May 14, 2013: The day Andrew Wiggins took over Twitter

I'm not exactly sure when it turned into the wildest recruiting announcement Twitter has ever seen. But there's no denying the hour leading up to Andrew Wiggins' public proclamation that he'll attend Kansas this year was a lesson on the impact social media can have in elevating a story.

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Don't believe me?

Just ask Grant Traylor.

He's a writer from the Herald-Dispatch in West Virginia.

He was the only reporter allowed to attend Wiggins' announcement.

"Congrats Twitter ... you all broke my phone minutes after his signing," Traylor tweeted about 30 minutes after the announcement. "Twitter app is done. LOL."

LOL, indeed.

Traylor had 1,962 followers on Twitter two days ago. Then it was learned that he'd be the first reporter to know Wiggins' college destination, at which point his follower account ballooned to 17,800, and each 140-character burst of information was treated as breaking news. Literally everything Traylor tweeted was retweeted hundreds, if not thousands, of times. My favorite was a picture Traylor posted of Wiggins and his mother walking into the gym at Huntington Prep that featured Jesus Christ himself photobombing because, honestly, why wouldn't JC make an unscheduled appearance?

It was that kind of day.

This recruitment that started as a battle between Florida State (because of his parents' connection to the school) and Kentucky (because it's Kentucky) ultimately swung to Allen Fieldhouse, the latest example of Bill Self out-maneuvering his old boss Leonard Hamilton. Within minutes of the announcement, countless fans who don't spend their days pulling for KU attacked. They tweeted at Wiggins to express their disappointment by telling him they hope he does everything from "tear his ACL" to "die in a plane crash." Some also wanted him to "burn in hell" because, in their opinions, he's a "bitch" who is "fu--ing retarded" and a "piece of sh-t" who should have his "neck snapped."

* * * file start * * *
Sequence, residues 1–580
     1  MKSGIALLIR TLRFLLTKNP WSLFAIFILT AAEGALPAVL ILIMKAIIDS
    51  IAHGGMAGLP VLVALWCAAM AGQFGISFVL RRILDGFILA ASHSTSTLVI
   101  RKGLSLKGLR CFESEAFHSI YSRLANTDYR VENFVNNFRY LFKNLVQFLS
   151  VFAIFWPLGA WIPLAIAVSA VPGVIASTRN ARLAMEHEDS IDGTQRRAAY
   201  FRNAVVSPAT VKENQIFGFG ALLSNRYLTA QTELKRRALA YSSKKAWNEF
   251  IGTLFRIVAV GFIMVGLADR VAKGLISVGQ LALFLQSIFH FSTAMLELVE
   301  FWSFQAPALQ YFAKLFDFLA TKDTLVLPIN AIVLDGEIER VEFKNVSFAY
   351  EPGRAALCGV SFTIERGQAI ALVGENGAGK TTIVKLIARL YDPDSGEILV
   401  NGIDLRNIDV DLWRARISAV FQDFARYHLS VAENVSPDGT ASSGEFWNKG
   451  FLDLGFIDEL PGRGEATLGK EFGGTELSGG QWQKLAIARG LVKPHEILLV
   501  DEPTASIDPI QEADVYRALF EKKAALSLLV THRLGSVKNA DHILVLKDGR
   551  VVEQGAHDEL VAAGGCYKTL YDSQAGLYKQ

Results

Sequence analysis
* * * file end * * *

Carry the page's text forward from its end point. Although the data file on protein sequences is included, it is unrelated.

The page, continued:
Andrew Wiggins is just 18 years old, by the way.

He is, by all accounts, a nice and respectful young man.

And yet this is how he spent Tuesday -- being told that he should die in various ways.

I could use the next few hundred words explaining why this is ridiculous, sad and embarrassing to college sports fans, if not the human race in general. But what's the point? Idiots are idiots. If it were possible to eliminate them from the conversation, we would've done it by now. So I guess my advice to Wiggins would be to get used to it. Because though he did his best to downplay this announcement -- no TV, no national audience, just family and friends and one reporter from a local newspaper -- his stature in this sport combined with the buildup to his unusually late announcement made all of this unavoidable, and things will only intensify from here.

Yes, Wiggins is the nation's top prospect.

Everybody knows as much.

But it should be noted he's much more than that.

Every high school class has a No. 1 player by definition. But in the same way that all national champions aren't considered equals, all top prospects shouldn't be considered equals either. Point being, Wiggins is a special kind of athlete and talent. It's not unreasonable to call him the best prospect since LeBron James. He'll be our preseason National Player of the Year. He'll be the No. 1 pick in next June's NBA Draft. Between now and then, he'll be the biggest star in college basketball based on what he does and what people think he'll probably do years from now. Wiggins' mere presence will make KU the Big 12 favorite (again) and a legitimate contender to bring Self a second national title.

"A pleasant surprise," Self said. "We never had an idea which way he was [leaning]."

Neither did most.

That's why Grant Traylor gained nearly 16,000 Twitter followers in two days, why the sports world seemed to stop around noon on Tuesday and why thousands and thousands of fans found themselves heartbroken a little after noon, or at least as heartbroken as folks can get when an 18-year-old stranger picks a university for which they do not root. Is it silly? Yeah, on some level, it's all pretty silly. But it's also a reality in the year 2013, and it sure did make for a fascinating Tuesday.

CBS Sports Insider

Gary Parrish is an award-winning college basketball columnist and television analyst for CBS Sports who also hosts the highest-rated afternoon drive radio show in Memphis, where he lives with his wife... Full Bio

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